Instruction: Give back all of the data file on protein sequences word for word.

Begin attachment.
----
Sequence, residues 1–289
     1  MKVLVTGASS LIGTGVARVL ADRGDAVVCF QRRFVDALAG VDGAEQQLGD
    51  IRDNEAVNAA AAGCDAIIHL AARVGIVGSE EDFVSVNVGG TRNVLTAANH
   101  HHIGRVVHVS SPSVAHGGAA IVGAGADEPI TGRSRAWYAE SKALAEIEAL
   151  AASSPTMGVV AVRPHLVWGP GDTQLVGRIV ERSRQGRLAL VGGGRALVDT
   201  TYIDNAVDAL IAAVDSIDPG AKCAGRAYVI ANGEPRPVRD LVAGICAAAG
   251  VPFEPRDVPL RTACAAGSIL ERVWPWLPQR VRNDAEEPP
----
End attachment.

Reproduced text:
Sequence, residues 1–289
     1  MKVLVTGASS LIGTGVARVL ADRGDAVVCF QRRFVDALAG VDGAEQQLGD
    51  IRDNEAVNAA AAGCDAIIHL AARVGIVGSE EDFVSVNVGG TRNVLTAANH
   101  HHIGRVVHVS SPSVAHGGAA IVGAGADEPI TGRSRAWYAE SKALAEIEAL
   151  AASSPTMGVV AVRPHLVWGP GDTQLVGRIV ERSRQGRLAL VGGGRALVDT
   201  TYIDNAVDAL IAAVDSIDPG AKCAGRAYVI ANGEPRPVRD LVAGICAAAG
   251  VPFEPRDVPL RTACAAGSIL ERVWPWLPQR VRNDAEEPP